One option I haven't seen suggested here is to move the chord up the neck a bit instead of playing it with the open D. When playing any note, you are typically going to get a thicker sound if you play it on a thicker string. You can test this out by playing the open D string (just that note, for testing), then play the D on the 5th fret of the A string, then the 10th fret of the E string. You should notice that the tone gets thicker/warmer/more round. So if you were to play the D chord on the 5th fret, using the A barre chord shape, then you should find that your D sounds a bit fatter, potentially measuring up to the other lower root notes. The downside of this approach is that you will be changing up the voicing of the chord a little, where you will have a high A on top of the chord instead of the F# of the open voicing (or F if it's a minor chord). This would usually make the chord sound a little brighter, as the top note is a higher pitch, so it might not be appropriate for your sound. However, you could also just not play that high A and you would have the same notes as the open voicing.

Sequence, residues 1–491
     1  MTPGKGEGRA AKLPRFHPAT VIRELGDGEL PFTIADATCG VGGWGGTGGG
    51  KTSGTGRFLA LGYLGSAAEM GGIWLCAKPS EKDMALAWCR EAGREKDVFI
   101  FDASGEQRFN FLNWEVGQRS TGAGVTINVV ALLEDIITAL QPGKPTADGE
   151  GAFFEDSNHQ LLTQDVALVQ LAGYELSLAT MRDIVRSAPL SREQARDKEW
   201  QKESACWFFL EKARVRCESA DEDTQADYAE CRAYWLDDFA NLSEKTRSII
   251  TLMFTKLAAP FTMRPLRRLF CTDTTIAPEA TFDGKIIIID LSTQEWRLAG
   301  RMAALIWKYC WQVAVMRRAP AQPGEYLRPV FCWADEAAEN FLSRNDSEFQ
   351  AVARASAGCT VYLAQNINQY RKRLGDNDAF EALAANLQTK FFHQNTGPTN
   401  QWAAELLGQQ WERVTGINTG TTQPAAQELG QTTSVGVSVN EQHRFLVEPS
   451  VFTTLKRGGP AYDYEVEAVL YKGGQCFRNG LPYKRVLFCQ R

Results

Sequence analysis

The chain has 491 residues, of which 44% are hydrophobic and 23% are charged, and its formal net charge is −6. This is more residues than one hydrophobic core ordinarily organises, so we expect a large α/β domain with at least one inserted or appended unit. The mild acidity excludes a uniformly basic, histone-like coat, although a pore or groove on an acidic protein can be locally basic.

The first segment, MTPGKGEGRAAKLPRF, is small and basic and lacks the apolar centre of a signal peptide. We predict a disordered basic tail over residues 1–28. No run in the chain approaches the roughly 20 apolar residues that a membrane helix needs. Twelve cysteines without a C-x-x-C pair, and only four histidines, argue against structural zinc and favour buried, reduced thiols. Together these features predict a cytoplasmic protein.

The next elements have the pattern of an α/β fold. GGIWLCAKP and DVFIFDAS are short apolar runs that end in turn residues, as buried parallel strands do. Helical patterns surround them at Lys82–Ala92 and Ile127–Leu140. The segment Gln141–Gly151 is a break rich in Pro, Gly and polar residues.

Another option is to change up where you are plucking the string. When you pluck different parts of a string, you get a different tone. When you pluck near the bridge, you get a very thin sound, and when you pluck near or on top of the fretboard, you get a warmer/thicker sound. This is a little more difficult for beginners, since you have to pay more attention to your picking hand than you otherwise would, but it's good practice.
More generally speaking, it's good to consider the context. If you are going to be playing with a bass player, they will most likely be playing a nice fat root note under your chords, so the thickness of the root note on your instrument shouldn't matter too much when played in that context. It's also valuable to note that some frequencies carry better than others, so if you're playing this on an acoustic guitar, you're going to hear the frequencies a bit different than someone who is further away, so it could be good to set up a recording device across the room to hear it from the audience perspective and see if this is actually noticeable from there. You should also consider how important this really is. You may be paying a lot more attention to this tone issue than an actual listener would. So you might want to record yourself playing, then listen back and see if it really stands out while listening to the actual playing.